I can take the road down to the lighthouse, the only road to the lighthouse, cross over the rocks and then look for the path to the castle. This is what he says to me without a trace of facetiousness or self-deprecation. And this is exactly what I do.
Out past the shipwreck seagulls chatter on the beach paying me no mind as I make my way to the lighthouse. On the rock path I’m reminded again of the difference between pictures and what we see in real life, stories we read vs. experiences we have.
The path to the castle makes me wish I were a little kid. Oh how my imagination would soar and I’d want to live here forever! The rock walls continue but there is no more pavement on the ground. The now grass lined paths are narrower, flushed with flowers and vines. I stroll happily in the sun… scratch that… I frolic. I skip wistfully up and down rolling hills through this never-ending maze of indescribable beauty.
When I come down the hill from the castle I happen upon a calf being born in a paddock. The mother cow is lying on her side, the baby’s feet are out and a farmer is gently pulling him as the mother pushes. I suppose even cows sometimes need midwives.
For half an hour I am transfixed. I can hardly believe I’m bearing witness to this. The baby comes out quickly and the mother immediately stands up and gets to licking him clean. He’s already mooing and figuring out how to stand and walk. We always think we’re smarter than animals but this guy’s got something figured out in twenty minutes that it takes us a year to learn.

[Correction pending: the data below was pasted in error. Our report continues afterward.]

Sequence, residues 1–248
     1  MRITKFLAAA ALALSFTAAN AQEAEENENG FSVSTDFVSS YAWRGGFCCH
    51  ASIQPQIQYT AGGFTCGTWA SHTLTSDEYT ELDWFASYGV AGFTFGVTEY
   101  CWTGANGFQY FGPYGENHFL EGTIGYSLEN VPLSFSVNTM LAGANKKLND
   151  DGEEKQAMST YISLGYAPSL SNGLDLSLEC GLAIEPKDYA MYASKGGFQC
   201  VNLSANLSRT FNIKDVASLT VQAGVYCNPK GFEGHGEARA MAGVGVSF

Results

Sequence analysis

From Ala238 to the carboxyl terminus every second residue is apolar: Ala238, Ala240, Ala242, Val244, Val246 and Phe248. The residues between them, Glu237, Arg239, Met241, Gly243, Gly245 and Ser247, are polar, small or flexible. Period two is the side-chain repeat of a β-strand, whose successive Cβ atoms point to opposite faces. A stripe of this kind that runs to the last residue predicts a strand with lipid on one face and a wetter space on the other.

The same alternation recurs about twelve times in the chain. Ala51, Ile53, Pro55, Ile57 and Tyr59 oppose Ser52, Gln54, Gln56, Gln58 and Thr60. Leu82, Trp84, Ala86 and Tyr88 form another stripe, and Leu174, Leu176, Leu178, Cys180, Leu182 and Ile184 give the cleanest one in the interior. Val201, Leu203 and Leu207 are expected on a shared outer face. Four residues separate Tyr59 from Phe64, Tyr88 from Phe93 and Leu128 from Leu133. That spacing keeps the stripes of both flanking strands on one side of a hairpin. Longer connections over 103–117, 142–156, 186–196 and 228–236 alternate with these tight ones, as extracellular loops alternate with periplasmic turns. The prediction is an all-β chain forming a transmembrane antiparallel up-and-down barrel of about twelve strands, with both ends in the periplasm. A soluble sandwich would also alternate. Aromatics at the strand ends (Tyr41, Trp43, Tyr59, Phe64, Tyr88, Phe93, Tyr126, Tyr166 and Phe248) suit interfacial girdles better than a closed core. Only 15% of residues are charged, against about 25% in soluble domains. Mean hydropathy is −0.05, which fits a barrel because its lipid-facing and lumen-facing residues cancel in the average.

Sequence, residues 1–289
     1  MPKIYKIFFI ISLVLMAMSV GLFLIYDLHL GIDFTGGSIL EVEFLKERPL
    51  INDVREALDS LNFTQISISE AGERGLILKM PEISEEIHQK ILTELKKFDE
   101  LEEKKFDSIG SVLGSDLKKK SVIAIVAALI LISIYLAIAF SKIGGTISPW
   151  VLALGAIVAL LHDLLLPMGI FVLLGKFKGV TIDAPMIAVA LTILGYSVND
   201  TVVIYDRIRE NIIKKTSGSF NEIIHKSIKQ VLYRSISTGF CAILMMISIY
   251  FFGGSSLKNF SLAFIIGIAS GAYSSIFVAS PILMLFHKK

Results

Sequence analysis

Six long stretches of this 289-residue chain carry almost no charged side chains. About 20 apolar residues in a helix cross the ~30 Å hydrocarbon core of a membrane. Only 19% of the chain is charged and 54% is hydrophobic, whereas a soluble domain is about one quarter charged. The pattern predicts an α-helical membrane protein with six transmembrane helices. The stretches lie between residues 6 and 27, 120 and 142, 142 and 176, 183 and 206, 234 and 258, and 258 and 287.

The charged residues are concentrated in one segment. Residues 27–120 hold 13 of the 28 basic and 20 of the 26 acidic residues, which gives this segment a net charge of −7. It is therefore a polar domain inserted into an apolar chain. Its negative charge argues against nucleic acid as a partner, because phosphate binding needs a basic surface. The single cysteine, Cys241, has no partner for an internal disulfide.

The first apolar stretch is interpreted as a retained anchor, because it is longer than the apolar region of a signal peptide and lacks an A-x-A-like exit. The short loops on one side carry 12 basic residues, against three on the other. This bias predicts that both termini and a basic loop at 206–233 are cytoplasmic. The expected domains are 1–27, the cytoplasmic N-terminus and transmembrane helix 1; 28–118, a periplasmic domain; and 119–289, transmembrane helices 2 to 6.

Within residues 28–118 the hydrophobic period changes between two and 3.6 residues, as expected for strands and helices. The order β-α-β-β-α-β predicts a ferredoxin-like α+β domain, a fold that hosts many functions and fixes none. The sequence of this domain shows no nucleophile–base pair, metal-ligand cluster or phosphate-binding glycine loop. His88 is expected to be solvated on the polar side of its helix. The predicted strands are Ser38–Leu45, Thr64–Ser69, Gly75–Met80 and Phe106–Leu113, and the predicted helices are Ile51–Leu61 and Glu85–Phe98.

It never occurs to me to pull out my phone to take pictures. I just rest my chin on my forearms on the top of the paddock wall and take it in. Stories vs. experiences.
With the sun out, the water on the beach by the harbor has turned aquamarine. For a short stretch it looks like the small cove is a tropical paradise. The water couldn’t be any warmer than it was this morning yet there are swimmers in the deep and children splashing at the water’s edge. Young boys are taking turns jumping from the sea wall, which now, with the tide out, hovers fifteen feet above the surface.
The boat for the return trip is much bigger and more powerful than the one we took to get here. We surge into enormous waves and skim along the surface at high speed. Children rush to the sides, squealing as they get sprayed by the salty water.
And yes we stop to take in the majestic Cliffs of Moher, Ireland’s #2 most popular tourist destination just behind the Guinness factory tour. And yes they are beautiful. But all my pictures contain the heads and iPhones of tourists duking it out for the best shot. And besides, I’ll gladly go out on a limb and say they don’t hold a candle to my day on Inisheer.
Back in the Doolin harbor, captains zip the ferries around like cars, parallel parking them along the dock. I am grateful to be back on the mainland, as the Irish call it, but even more grateful for my dreamlike walk in the sun.
I’d been told there’d be nothing to do in Doolin and I wholeheartedly disagree. The town is full of restaurants and artist’s shops. There are walking trails, castle ruins and a babbling river. I love it here. This has been my favorite day off so far.